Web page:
‘I’d actually say develop a movement practice, which could include yoga and/or pilates. It’s worth seeing a specialist who can assess what you need, teach you relevant moves and devise a programme that suits you, rather than going to a class where everyone does the same thing.

‘The key is to develop and maintain mobility, motor control and stability – all of which are great for the nervous system as well as posture.’

9. Buy a diary

‘It’s old school, but a training log combined with modern tech can help you track improvements, which is great for motivation,’ says Butler.

‘Your bike computer or phone can record data but, other than seeing where you came on Strava, do you really learn much from it? 

‘Logging details in a good old-fashioned diary can give you time to reflect on things after your session.

‘What went well, what went badly and why? What were your strengths and weaknesses that day and therefore what will become your areas for development next session? 

‘You can learn to coach yourself instead of doing what most people do, which is train their strengths and not their weaknesses.’

10. Don’t diet!

‘Even if you’ve put on weight, eat what’s normal for you and lose weight gradually,’ says Newton. ‘Fuel your rides and don’t starve yourself or you’ll end up shattered and avoiding time on the bike.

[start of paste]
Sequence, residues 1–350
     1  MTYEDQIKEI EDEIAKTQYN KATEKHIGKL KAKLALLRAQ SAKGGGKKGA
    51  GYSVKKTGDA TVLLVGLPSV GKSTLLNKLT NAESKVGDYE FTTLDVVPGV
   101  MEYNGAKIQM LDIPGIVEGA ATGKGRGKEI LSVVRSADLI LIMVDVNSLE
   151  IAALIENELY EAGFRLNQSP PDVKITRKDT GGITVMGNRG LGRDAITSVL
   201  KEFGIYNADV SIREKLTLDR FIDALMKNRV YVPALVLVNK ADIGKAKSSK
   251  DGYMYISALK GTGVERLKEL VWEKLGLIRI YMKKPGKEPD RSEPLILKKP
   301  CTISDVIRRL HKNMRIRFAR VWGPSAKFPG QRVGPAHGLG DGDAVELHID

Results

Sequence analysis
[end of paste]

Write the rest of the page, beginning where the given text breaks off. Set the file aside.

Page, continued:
‘Do sort out your nutrition and take control of what you eat. Most people have no clue and are shocked when they actually record what they eat.

‘Ten years ago counting calories was hard work, but now it’s a lot easier. A lot of people suffer with creeping weight gain, but middle-aged spread is not normal. Being skinny-fat is not normal.

‘People accept it – even cyclists and other active people – but there’s no reason why we should get bigger as we get older.

‘You need to embed habits that will support you for the next 25 years. So “dieting” should be planning what your nutrition should look like, and not putting on weight in the first place.’

11. Book a big event and get a plan

Nothing focuses the mind like a bit of financial outlay. Find an event or race and make it your season’s goal. Some mild trash-talking about how well you intend to do can also crystalise your motivation into action; so let people in on your plans. Maybe you’ll even recruit some riders to come along too.

Chosen early enough, a big aim for the year will help give structure to your riding; not only in terms of training but also planning and learning new skills.

An excuse to analyse yourself, a spreadsheet of your weaknesses can become the starting point for periods spent working on different areas.

Plan your strategy for the big day, and experiment with kit and bike fit. Depending on your event, playing with aerodynamics and learning about nutrition, can also become more fun when applied to a concrete situation.